Derek BodnerElias Harris
finished up his freshman campaign with an impressive 24 point performance against Syracuse in the NCAA tournament, capping off an extraordinary -- albeit somewhat inconsistent -- freshman season that seemingly put him in line to be a potential first round pick. Since surprisingly deciding to return to school last year, Harris has had one setback after another, creating a significant amount of uncertainty about his NBA prospects heading forward.
Harris' struggles began during the offseason, as he struggled to find playing time with the German national team. He then suffered a series of injuries early in the year that limited him early on and caused him to gain a significant amount of weight -- a shoulder injury before the season began and an achilles injury 5 games into the season. The injuries appeared to affect his athleticism, conditioning
and energy-level, all of which were amongst his main selling points last season.
Furthermore, the loss of senior Matt Bouldin
has created a void in the Bulldogs offense. The loss of Bouldin's playmaking abilities hasn't been fully replaced, and combined with inconsistent point guard play -- Demetri Goodson has never played the role of a major shot creator, junior college transfer transfer Marquise Carter hasn't had the type of impact the Bulldogs had hoped, and David Stockton is a redshirt freshman -- has resulted in fewer open looks for Harris.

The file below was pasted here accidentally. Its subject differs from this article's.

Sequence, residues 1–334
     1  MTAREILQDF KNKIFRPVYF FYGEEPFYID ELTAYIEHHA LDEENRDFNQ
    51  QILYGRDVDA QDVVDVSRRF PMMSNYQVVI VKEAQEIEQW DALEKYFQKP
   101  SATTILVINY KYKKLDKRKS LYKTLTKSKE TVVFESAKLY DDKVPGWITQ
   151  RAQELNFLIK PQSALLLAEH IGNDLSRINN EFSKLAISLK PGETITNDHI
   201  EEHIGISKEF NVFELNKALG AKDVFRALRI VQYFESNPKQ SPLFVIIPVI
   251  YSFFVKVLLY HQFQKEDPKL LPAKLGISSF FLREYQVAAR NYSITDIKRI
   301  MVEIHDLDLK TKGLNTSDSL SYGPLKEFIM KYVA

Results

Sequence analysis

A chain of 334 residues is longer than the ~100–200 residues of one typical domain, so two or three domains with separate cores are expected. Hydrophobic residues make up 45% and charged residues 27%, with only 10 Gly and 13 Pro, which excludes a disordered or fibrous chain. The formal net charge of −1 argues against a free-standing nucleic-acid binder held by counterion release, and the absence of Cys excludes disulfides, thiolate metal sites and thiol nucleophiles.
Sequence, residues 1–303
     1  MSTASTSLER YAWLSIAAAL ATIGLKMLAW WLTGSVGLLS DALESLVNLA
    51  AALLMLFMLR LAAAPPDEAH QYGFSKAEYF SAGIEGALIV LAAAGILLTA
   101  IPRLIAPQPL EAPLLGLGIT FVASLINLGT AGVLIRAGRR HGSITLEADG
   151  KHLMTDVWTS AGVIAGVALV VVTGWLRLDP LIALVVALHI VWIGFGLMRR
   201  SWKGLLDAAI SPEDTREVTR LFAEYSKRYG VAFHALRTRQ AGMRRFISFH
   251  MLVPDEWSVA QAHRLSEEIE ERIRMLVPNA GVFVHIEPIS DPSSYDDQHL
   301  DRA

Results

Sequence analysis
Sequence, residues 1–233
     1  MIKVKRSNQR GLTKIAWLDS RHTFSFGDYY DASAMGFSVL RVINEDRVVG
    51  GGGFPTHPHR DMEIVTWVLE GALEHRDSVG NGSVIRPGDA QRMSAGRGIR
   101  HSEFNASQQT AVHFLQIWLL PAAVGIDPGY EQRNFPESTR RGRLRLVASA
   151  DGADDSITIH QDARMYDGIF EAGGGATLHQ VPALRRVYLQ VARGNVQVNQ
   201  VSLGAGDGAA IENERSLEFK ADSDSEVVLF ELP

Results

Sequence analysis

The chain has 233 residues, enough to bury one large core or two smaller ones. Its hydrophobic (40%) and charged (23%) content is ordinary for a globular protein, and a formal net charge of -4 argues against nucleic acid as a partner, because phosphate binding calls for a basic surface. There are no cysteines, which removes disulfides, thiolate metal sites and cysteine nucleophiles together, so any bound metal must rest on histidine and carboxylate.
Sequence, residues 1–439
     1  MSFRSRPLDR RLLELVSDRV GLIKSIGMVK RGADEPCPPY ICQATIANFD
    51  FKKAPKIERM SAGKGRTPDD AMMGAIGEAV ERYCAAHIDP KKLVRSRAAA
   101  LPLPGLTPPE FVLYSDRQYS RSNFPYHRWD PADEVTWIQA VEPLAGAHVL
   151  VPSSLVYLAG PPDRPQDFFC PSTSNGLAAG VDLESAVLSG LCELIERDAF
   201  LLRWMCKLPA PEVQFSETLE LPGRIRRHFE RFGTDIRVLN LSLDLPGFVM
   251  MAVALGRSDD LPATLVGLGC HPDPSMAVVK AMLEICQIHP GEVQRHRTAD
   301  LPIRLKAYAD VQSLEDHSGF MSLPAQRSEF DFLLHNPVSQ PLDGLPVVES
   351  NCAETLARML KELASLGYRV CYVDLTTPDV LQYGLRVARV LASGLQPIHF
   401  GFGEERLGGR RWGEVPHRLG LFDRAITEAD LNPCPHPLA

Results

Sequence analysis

Harris still has the physical profile that made him such an intriguing prospect, with good size, length, and a frame that looks like it should fill out fine for an NBA small forward. When healthy, he's an above average athlete with good coordination and an excellent second jump, which along with his length makes him a good finisher inside. Still, he's struggling to regain the same explosiveness that made him such a force around the basket last season, and his intensity level doesn't seem to be the same.
Harris still displays a good collegiate post game, ranking in the 84th percentile in efficiency according to Synergy Sports technology. He's shown some improvement in his post moves, flashing an occasional quick spin move over and drop step to go along with his right handed hook shot, and does a good job of playing to, and through, contact.